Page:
Does Unclicked = Undelivered? How Engagement Metrics Will Affect Inbox Placement
- with Tom Sather, Director of Response Consulting
AGENDA The Meaning of Engagement Measuring Engagement 5 Things You Can Do Now 3
The Meaning of Engagement
Email marketing is a lot like dating--
If you offer attractive benefits, then the relationship lives on, but if you don't the subscriber will cut you off. Whether it happens immediately or over a period of time, the primary goal for marketers is to pique subscriber interest and get them heavily engaged with your product and service. So, how committed are you to developing a solid, long term relationship with your subscribers?
Marketers define engagement by how active their subscribers are, as well as interaction with their marketing efforts. Marketers can measure engagement through things like opens, clicks, and conversions. For marketers, high engagement means their marketing efforts are working which translates into higher ROI.
Engagement is great for marketers to measure how effective their programs are, but honestly ISPs donâ€™t care how many clicks or conversions you get.
ISPs only care about their users - which happen to be your subscribers. Their primary goal is to make email enjoyable and useful. The #1 concern with email users is subscriber fatigue. We get so much email that we canâ€™t keep up with it all. We also get a lot of spam, which is the largest obstacle for ISPs. ISPs do block a lot of spam.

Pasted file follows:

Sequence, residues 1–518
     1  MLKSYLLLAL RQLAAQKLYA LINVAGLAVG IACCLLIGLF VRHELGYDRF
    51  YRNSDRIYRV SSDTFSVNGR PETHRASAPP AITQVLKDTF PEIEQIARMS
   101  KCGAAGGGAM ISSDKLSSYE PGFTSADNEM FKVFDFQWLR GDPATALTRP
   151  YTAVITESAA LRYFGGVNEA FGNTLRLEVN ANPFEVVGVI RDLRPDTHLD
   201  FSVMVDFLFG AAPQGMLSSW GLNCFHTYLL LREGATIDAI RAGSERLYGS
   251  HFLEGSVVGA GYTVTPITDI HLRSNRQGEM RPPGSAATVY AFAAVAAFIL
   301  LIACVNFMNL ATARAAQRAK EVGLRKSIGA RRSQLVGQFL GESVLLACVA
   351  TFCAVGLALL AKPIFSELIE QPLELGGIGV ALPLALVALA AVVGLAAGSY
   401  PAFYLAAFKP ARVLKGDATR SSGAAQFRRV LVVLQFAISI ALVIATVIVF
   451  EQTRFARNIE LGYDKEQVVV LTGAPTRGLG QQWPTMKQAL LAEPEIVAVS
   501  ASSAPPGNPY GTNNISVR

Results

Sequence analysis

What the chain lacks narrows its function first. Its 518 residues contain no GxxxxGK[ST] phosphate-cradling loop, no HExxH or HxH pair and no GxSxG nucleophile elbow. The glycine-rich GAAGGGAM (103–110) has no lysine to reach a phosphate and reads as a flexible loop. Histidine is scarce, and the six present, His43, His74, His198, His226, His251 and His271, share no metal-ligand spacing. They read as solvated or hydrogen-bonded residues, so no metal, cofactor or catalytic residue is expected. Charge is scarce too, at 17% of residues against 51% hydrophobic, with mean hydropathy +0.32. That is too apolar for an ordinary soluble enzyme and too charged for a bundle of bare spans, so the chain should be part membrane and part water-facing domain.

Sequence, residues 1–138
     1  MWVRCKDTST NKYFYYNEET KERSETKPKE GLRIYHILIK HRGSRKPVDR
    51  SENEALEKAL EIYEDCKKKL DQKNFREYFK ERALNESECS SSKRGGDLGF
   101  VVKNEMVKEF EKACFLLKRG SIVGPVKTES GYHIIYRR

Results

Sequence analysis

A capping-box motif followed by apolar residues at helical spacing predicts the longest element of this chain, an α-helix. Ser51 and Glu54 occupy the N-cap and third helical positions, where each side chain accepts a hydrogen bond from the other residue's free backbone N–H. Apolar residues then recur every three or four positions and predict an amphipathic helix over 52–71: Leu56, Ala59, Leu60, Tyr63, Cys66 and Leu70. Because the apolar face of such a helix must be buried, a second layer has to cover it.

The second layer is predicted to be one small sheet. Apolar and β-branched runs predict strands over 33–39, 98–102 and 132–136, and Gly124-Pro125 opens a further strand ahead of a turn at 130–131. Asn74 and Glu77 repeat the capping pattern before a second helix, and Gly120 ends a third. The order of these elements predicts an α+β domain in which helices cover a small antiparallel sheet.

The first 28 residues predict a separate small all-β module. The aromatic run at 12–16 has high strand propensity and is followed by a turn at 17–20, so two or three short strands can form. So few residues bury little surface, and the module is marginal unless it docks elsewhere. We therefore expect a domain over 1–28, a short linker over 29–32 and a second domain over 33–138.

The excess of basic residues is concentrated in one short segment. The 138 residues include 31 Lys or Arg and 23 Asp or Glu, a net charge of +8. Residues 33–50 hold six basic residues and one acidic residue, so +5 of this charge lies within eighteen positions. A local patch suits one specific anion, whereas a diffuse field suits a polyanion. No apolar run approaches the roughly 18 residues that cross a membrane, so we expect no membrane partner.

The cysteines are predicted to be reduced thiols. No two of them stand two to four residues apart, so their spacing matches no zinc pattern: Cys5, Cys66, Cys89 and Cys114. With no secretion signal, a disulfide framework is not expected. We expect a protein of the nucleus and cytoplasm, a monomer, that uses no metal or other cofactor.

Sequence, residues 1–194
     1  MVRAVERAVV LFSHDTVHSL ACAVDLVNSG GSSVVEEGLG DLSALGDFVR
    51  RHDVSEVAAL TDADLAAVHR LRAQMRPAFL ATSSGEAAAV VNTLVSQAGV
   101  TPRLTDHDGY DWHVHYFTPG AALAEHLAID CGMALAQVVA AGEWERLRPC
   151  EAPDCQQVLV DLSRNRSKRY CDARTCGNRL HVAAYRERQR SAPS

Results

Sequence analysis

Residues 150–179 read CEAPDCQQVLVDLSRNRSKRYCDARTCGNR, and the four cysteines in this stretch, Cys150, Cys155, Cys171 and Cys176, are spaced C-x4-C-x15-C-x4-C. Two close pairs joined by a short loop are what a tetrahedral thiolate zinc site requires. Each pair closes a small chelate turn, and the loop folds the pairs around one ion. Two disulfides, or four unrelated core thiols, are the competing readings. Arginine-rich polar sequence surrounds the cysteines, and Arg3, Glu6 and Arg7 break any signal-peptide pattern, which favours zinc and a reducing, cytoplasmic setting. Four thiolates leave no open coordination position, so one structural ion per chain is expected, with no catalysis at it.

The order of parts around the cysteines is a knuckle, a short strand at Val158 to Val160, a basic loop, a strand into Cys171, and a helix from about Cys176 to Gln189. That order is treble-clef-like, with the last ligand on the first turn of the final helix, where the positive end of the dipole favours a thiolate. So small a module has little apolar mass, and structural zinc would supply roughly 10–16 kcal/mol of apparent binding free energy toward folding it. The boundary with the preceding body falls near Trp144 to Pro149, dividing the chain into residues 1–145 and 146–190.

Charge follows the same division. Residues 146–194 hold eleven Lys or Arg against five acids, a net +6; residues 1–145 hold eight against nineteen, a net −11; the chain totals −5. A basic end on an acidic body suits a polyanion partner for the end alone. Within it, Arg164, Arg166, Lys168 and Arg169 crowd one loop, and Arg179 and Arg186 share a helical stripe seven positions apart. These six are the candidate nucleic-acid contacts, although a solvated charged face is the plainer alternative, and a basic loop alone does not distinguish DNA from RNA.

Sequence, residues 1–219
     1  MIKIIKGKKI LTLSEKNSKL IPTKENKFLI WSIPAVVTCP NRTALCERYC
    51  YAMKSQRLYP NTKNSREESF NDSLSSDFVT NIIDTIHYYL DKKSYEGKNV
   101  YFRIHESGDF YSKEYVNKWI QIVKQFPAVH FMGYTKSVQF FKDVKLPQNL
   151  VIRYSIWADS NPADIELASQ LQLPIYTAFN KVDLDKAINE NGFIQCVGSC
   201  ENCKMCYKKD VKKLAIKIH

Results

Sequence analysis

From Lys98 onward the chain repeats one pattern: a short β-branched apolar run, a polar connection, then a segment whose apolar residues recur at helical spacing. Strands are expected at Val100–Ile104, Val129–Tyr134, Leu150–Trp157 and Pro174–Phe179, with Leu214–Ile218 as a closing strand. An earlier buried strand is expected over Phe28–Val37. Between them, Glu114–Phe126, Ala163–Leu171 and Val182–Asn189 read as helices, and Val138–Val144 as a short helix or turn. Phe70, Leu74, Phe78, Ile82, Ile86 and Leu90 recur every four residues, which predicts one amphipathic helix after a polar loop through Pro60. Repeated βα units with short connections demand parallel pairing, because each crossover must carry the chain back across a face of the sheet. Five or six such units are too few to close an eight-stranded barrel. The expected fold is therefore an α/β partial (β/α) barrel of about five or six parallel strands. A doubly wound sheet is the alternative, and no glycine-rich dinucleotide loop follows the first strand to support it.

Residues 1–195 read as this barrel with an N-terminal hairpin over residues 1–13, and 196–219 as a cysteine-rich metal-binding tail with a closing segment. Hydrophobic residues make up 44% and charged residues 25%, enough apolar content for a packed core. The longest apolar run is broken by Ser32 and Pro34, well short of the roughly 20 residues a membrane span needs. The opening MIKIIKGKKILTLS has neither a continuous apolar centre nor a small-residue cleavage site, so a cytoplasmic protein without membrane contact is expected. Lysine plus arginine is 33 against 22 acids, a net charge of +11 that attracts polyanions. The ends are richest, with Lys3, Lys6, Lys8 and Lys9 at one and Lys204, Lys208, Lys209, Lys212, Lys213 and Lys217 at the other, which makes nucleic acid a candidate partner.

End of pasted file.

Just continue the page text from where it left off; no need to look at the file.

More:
Microsoft received 8 billion email messages per day. Out of those, over 90% are spam.
NOW, the ISPs do a pretty good job of blocking spam, but some legitimate mail does get caught by spam filters (less than 1%). Even though â€˜less than 1%â€™ seems like no big deal, it also means that around 55 million legitimate messages are still getting caught. ISPs like Microsoft, are now focused on reducing that number and making sure that people get all of the email they want.
Currently there are only two webmail providers that are using engagement metrics: 1
There are three main factors that Hotmail considers when defining subscriber engagement: (1.) Messages read, then deleted (2.) Messages deleted without being read (3.) Messages replied to
This individual analysis overrides global filters, so your emails may land in the inbox of one person, but get delivered to the spam folder by default in others
Gmail recently released their Prioritized Inbox to help their users sort through all the clutter. Google Prediction attempts to predict what is important to a user based on their actions. Like Hotmail, it will look at things like how often, or not, you read messages from a particular sender. Gmail also looks at the types of email you ‘star,’ whether it’s addressed directly to you or not, and how the user ranks it’s importance.
This is what the Gmail Priority Inbox looks like:
Most marketers probably won’t see a change in their response or delivery at Gmail. Users can still see their regular inbox. However the goal for you is get your email front & center and “prioritized.”
To most marketers, this looks like bad news:
•How on earth will we know where our email gets delivered now if they’re using subscriberlevel filtering? •What do I need to do to make sure my email gets priority and is delivered to the inbox? Don’t despair! A lot of the things you are doing now will still work, but there may be some things you will need to start doing.
Seed list monitoring is still important! You will hear a lot of nonsense that “seeds don’t work anymore.” This is not true17at all. Seed lists measure how you are performing against the global filter. It’s also still important to track your reputation.